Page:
Protect Your Eyes From Diabetes
Diabetic retinopathy is an eye disease that only affects diabetics. It occurs when the fragile vascular network that supplies the retina – light sensitive tissue at the back of the eye– begins to swell or leak. During the beginning stages of this disease, there may not be any noticeable symptoms so if you have diabetes, it’s vital to check your eyes at least once per year.
Once symptoms of diabetic retinopathy develop, they can include: dark or black spots in your visual field, or blurry vision, which increases with time. This is a result of bleeding at the back of the eye, which prevents a clear image from being transmitted from the retina to the brain.
Whether you have type 1, type 2, or even just gestational diabetes, you are at risk for developing diabetic retinopathy. The longer you have the disease, the greater the risk. It is essential to keep your blood sugar levels under control to prevent vision loss. This may require a visit to your primary care physician.
Treating diabetic retinopathy can include vitrectomy -replacing the inner gel-like substance supporting the eyeball structure. And also laser surgery.
Diabetes is a disease that affects the way we process food for energy and growth. With all forms of diabetes—type 1, type 2 and gestational diabetes—the body has trouble converting sugar in the blood into energy, resulting in a host of potential health problems.
Over 21 million people in the United States have diabetes, with an estimated additional 6 million people unaware they have a form of the disease. What’s more, an estimated 54 million Americans ages 40 to 74 have prediabetes, a condition that puts them at risk for developing type 2 diabetes. According to a recent American Optometric Association survey, diabetes is the leading cause of new cases of blindness among adults ages 20 to 74.
Diabetes increases the likelihood that common diabetes-related vision problems or diseases might occur:
- Diabetics are prone to developing cataracts (a clouding of the eye’s lens) at an earlier age.
- People with diabetes are almost 50% more likely to develop glaucoma, an eye disorder that damages the optic nerve often marked by an increase of internal eye pressure.
- Macular edema (and macular degeneration) are more common in diabetics due to malfunctioning blood vessels in the middle region of the retina responsible for central, sharp vision.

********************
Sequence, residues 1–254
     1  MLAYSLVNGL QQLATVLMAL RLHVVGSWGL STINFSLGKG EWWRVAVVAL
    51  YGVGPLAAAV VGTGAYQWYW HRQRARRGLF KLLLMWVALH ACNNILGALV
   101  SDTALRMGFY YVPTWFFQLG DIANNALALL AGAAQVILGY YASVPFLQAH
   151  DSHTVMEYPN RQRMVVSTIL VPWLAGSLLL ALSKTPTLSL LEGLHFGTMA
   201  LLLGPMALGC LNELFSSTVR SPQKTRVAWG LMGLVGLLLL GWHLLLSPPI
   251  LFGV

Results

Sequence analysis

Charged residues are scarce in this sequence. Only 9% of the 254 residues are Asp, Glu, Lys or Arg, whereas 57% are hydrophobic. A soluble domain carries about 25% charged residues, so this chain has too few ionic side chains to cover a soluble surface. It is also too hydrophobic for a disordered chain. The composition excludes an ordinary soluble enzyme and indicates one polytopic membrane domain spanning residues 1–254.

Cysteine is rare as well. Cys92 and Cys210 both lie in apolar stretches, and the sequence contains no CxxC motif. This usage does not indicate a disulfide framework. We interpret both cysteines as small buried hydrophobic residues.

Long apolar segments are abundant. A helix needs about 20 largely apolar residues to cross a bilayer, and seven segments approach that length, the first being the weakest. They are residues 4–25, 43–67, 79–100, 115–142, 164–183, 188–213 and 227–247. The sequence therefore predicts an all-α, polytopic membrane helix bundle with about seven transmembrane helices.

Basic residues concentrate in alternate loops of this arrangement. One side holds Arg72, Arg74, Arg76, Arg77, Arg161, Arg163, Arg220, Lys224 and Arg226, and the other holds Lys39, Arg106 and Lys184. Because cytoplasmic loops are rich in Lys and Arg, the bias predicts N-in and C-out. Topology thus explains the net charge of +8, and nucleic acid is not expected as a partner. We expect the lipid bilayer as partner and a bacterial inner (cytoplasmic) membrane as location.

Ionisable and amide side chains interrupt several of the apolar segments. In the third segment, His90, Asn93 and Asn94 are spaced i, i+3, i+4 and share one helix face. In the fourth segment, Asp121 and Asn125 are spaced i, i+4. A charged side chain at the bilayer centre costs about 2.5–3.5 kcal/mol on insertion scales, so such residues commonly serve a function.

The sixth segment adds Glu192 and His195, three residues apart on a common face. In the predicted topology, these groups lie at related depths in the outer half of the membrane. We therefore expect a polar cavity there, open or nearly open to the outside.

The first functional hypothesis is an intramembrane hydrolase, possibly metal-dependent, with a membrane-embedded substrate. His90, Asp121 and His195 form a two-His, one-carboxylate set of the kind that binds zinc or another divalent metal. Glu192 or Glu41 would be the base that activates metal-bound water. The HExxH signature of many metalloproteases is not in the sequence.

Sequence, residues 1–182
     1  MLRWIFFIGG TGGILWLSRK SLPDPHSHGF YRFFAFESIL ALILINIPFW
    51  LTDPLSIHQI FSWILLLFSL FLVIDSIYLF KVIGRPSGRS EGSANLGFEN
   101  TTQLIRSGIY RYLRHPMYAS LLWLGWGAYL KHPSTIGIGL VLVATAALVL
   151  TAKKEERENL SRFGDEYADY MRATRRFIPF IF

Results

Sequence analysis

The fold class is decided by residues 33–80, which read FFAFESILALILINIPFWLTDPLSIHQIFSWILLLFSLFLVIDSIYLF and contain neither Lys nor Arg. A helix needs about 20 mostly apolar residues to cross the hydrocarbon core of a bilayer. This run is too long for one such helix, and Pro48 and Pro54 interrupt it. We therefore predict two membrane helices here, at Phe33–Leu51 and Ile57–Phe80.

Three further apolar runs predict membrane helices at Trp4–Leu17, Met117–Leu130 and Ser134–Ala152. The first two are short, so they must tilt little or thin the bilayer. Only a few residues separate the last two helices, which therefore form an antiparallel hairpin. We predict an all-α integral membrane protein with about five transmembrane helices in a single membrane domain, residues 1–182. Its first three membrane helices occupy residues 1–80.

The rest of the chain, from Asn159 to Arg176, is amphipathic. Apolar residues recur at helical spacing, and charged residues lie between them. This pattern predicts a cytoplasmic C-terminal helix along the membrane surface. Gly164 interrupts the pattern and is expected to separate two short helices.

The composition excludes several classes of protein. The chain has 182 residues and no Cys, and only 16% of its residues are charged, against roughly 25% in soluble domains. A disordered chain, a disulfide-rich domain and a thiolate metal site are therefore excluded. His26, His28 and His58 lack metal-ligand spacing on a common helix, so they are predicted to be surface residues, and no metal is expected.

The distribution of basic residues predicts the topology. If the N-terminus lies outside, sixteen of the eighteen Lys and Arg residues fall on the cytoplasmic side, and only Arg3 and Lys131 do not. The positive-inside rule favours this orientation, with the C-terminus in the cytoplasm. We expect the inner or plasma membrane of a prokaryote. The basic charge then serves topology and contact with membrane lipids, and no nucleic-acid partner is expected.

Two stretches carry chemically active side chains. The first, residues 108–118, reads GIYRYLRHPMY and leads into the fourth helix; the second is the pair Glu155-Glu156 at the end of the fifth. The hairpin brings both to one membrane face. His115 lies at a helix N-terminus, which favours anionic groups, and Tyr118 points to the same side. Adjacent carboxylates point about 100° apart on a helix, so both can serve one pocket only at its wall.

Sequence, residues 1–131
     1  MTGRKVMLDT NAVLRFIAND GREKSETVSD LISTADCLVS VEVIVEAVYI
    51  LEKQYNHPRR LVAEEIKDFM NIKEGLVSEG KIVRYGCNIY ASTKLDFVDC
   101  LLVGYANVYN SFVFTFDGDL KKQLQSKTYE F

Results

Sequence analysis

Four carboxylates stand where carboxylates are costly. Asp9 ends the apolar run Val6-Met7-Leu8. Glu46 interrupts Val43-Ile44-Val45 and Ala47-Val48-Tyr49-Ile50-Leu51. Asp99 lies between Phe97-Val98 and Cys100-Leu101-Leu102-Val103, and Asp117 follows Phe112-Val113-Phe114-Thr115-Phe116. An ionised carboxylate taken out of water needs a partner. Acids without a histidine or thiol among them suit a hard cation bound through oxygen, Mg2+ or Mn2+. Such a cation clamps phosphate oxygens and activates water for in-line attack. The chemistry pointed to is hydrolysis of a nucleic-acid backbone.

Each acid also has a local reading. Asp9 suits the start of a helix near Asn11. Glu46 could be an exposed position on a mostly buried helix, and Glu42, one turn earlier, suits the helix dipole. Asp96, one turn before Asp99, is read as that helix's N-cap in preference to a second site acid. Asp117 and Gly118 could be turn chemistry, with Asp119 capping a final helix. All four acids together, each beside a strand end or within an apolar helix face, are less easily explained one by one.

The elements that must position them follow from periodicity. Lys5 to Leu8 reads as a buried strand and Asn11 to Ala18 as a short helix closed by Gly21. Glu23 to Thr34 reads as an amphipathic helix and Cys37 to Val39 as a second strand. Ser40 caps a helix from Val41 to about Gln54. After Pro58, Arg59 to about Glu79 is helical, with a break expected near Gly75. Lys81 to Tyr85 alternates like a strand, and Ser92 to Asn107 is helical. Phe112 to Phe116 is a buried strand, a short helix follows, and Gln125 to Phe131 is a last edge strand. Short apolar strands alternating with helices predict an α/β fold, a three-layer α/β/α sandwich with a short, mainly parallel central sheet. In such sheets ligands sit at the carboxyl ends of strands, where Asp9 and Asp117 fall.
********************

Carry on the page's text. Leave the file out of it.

- Most notably, diabetes can result in diabetic retinopathy; an eye disease that affects the blood vessels in the all-important retina. Nearly 45 percent of Americans diagnosed with diabetes have some stage of diabetic retinopathy.
That’s why there’s no separating diabetes and vision. If you have diabetes, then you should understand vision problems that increase in likelihood as a result of the disease.
Treatment for Diabetic Retinopathy
Treatment for Diabetic RetinopathyDiabetic retinopathy can be treated with a laser to seal off leaking blood vessels and inhibit the growth of new vessels. Called laser photocoagulation, this treatment is painless and takes only a few minutes.
In some patients, blood leaks into the vitreous humor and clouds vision. Your eye doctor may choose to simply wait to see if the clouding will dissipate on its own, or a procedure called a vitrectomy may be performed to remove blood that has leaked into the vitreous humor.
Studies using investigational treatments for diabetic retinopathy have demonstrated significant vision improvement for individuals who are in early stages of the disease. Two medications that are closely related, Lucentis and Avastin, may be able to stop or reverse vision loss, similar to very promising results that have been reported when these two drugs were used as treatments for macular degeneration. Ask your doctor about these treatments.
If you suffer from Diabetes, make sure you are taking care of your vision and schedule your yearly eye exam, today!